In what way should we approach this startling claim? Is Bernard Mandeville simply a cynical philosopher degrading humanity and encouraging depravity? If private vices do in fact lead to public benefits what effects will this have on religion, economy, and morality? These questions, among many others, can only be approached with a firm understanding of what Mandeville constitutes as vice and virtue, and what the reader considers public paradise. There exists a certain dualism in Mandeville's philosophy that complicates many readings of the text, and most certainly a deeply ironic nuance that leaves many readers scratching their heads and amuses countless others.
The Fable of the Bees begins with a doggerel poem entitled The Grumbling Hive: or, Knaves turn'd Honest. It is from this verse that Mandeville will draw out his remarks, which make up the majority of the entire publication. One might inquire as to why Mandeville even uses the analogy of the hive. Aside from the first few lines, there exist few other references to bees in the first half of the poem.
[...] While Mandeville provides the reader with a definition of virtue and vice on the personal level defined by motive or intent, Kaye points out the “dual morality” that exists in his idea of public advantage. If personal virtue or vice is determined based on motive, it seems paradoxical that public benefit or detriment be determined by consequence. Kaye argues, “Mandeville decided upon the public results of private actions according to utilitarian standards. [ ] But he judged the private actions themselves according to an anti-utilitarian scheme” (xlviii-xlix). [...]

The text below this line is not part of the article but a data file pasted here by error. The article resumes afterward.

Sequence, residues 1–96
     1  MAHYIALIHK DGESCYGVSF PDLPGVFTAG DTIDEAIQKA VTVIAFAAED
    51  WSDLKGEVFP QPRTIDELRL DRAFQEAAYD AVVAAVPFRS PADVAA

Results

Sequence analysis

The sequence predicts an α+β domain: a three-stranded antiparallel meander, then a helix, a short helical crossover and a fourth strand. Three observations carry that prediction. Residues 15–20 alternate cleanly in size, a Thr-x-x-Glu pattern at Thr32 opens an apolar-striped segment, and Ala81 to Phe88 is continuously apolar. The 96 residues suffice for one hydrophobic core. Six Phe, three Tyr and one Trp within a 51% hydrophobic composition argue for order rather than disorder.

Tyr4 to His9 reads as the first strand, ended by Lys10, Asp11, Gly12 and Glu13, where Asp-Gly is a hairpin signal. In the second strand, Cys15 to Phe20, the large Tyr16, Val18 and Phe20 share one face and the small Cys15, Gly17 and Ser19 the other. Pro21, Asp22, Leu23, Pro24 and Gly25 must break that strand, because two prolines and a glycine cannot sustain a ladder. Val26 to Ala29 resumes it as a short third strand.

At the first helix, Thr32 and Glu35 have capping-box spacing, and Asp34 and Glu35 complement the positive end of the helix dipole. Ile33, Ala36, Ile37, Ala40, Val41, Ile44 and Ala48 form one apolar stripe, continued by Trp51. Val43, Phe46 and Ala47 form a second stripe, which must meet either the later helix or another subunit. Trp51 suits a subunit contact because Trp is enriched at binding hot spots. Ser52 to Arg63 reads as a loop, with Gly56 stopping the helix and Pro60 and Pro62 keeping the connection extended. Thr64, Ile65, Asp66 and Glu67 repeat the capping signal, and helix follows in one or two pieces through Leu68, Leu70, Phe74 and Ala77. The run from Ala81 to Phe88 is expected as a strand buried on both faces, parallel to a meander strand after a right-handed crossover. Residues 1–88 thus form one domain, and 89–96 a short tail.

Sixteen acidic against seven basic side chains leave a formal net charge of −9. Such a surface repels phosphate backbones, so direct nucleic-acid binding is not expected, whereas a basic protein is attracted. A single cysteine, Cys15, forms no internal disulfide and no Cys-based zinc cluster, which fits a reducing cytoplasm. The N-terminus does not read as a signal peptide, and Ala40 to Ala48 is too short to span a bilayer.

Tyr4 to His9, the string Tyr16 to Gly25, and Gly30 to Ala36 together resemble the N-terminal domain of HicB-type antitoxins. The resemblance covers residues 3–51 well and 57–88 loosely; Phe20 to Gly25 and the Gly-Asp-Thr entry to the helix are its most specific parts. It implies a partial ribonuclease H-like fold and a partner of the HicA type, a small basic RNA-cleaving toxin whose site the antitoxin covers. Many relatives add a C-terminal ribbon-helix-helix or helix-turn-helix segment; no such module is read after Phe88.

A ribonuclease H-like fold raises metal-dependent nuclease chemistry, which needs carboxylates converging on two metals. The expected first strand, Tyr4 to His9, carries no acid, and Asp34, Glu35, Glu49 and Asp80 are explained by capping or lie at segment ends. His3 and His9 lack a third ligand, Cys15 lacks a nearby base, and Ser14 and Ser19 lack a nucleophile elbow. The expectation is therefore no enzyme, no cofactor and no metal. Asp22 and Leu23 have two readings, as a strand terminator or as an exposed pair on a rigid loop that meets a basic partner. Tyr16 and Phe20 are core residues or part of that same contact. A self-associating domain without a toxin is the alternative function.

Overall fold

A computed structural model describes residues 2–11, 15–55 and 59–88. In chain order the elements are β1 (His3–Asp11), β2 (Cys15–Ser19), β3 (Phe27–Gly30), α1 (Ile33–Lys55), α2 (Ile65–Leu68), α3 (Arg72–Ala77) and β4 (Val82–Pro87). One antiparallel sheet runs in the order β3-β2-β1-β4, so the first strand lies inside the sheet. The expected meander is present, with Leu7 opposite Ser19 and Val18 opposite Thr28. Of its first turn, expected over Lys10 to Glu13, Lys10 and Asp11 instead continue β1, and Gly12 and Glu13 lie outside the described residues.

[...] The 18th century philosopher, Adam Smith, argued against Mandeville stating: is thus that he treats everything as vanity which has any reference either to what are or to what ought to be the sentiments of others: and it is by means of this sophistry that he establishes his favorite conclusion, that private vices are public benefits” (Smith 485-6). Mandeville anticipates this type of criticism and argues in Search into the Nature of Society” against Shaftesbury who “looks upon Virtue and Vice as permanent Realties that must ever be the same in all Countries and all Ages” (324). [...]
[...] The conclusion of the poem contains the lines: “THEN leave Complaints: Fools only strive To make a Great an Honest Hive. T' enjoy the World's Conveniences, Be fam'd in War, yet live in Ease, Without great Vices, is a vain EUTOPIA seated in the Brain.” (Mandeville 36) Thus, a prosperous society is one in which citizens, whether bees or humans, seek out their private vices. As pointed out by F. B. Kaye in the introduction to the text, Mandeville presents us with a definition that attempts to merge two distinct theological notions of virtue—one ascetic, the other rationalistic. [...]
using our reader.